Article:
In Landers v. Quality Communications, Inc. et al., the Ninth Circuit held that, in a complaint under the FLSA for minimum or overtime wages, a plaintiff must allege at least a specific week that he or she was entitled to, but denied, minimum or overtime wages.  Relying on the US Supreme Court decisions in Bell Atlantic Corp. v. Twombly, 550 U.S. 544 (2007) and Ashcroft v. Iqbal, 556 U.S. 662 (2009) the Court found that, while detailed factual allegations are not required, a plaintiff cannot merely state conclusory allegations that simply recite the statutory language.

In Landers, the plaintiff alleged that he and similarly situated employees were not paid overtime for work in excess of 40 hours per week and that the failure to pay overtime and/or minimum wages was willful, but failed to allege any details regarding a specific workweek when he allegedly worked in excess of forty hours and was not paid overtime for that specific workweek and/or was not paid minimum wages.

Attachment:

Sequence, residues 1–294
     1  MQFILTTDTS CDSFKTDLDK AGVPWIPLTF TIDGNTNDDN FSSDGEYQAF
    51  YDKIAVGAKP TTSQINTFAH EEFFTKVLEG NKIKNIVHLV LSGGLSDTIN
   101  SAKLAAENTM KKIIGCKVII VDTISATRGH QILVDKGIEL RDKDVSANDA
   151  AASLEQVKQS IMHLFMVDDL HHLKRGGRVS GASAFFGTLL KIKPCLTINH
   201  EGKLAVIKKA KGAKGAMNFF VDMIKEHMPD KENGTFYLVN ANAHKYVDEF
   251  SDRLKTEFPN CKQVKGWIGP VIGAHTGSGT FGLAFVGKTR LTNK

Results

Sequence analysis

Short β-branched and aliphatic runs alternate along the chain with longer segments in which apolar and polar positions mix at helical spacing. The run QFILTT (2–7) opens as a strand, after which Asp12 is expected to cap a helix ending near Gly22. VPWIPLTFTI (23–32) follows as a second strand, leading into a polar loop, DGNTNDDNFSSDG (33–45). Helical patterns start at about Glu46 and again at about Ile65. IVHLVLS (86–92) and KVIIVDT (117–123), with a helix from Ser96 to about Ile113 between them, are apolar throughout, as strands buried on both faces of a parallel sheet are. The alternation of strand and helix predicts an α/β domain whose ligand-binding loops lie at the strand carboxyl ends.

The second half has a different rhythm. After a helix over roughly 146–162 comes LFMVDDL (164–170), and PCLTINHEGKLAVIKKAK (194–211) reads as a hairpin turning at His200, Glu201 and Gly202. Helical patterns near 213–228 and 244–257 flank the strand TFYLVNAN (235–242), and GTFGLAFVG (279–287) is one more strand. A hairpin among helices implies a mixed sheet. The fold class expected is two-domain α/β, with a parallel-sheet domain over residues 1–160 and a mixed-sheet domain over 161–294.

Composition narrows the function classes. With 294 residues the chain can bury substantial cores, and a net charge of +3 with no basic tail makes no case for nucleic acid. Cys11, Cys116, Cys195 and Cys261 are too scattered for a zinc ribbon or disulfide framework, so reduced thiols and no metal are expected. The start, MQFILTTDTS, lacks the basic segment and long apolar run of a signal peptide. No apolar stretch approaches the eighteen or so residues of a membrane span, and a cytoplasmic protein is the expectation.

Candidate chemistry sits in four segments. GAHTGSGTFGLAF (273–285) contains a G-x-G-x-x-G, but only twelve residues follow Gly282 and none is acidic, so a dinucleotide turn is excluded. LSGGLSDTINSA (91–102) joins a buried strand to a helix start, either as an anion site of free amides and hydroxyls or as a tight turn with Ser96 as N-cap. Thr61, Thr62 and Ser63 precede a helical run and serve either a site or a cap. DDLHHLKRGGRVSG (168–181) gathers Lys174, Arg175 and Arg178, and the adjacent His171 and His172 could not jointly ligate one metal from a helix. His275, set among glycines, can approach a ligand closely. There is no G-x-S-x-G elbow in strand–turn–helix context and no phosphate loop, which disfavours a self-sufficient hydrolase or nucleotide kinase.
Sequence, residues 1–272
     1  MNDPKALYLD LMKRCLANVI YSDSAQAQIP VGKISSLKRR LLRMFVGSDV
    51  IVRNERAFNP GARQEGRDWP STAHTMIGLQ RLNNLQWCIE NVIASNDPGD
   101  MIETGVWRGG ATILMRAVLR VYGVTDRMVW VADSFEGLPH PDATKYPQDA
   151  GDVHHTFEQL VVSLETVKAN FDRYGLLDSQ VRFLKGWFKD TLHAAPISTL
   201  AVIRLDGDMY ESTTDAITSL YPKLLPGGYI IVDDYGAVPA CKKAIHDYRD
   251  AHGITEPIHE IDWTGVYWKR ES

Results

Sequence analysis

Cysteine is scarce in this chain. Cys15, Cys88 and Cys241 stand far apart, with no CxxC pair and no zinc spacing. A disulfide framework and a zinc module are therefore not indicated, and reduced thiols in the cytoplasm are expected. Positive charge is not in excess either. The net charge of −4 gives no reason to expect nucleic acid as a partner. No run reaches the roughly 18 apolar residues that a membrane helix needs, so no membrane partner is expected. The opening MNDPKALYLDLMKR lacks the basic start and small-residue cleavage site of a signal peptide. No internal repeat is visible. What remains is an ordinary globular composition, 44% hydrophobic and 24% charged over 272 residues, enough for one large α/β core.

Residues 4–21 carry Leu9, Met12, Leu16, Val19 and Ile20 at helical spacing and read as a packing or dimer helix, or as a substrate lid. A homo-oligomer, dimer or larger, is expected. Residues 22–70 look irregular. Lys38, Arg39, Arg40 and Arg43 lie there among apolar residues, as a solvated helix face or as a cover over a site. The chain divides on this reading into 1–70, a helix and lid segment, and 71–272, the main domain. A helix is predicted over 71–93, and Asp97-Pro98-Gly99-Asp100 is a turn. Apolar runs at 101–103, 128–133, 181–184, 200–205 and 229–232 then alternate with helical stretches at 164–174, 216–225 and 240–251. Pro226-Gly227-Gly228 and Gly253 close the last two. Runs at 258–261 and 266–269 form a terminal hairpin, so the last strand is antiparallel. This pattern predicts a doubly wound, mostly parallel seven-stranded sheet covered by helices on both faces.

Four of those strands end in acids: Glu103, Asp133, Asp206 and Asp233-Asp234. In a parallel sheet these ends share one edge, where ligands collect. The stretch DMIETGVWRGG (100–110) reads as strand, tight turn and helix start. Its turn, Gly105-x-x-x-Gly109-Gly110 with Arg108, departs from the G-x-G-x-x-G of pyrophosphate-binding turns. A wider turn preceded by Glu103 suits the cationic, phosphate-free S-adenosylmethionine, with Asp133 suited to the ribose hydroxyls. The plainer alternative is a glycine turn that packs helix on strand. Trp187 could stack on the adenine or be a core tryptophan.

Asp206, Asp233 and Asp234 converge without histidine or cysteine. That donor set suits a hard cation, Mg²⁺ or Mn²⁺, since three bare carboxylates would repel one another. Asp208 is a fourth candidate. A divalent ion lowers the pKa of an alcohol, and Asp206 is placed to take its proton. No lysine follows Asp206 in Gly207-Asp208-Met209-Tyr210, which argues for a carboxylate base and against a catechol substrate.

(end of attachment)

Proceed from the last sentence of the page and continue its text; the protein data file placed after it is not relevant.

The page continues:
The Court said that, at a minimum, a plaintiff must allege at least one workweek when s/he worked in excess of forty hours and was not paid for the excess hours in that workweek, or was not paid minimum wages. Because Landers failed to meet this standard and refused to amend his complaint, the Court held that the dismissal of his case by the district court was proper.

Planning Tip: This case is good news for employers when faced with an individual or collective FLSA complaint.  Employers now have another defense against baseless or perfunctory FLSA wage complaints, or those brought by employees who may not have suffered actual harm. This heightened pleading requirement also helps employers to identify and remedy any underpayments early on in litigation.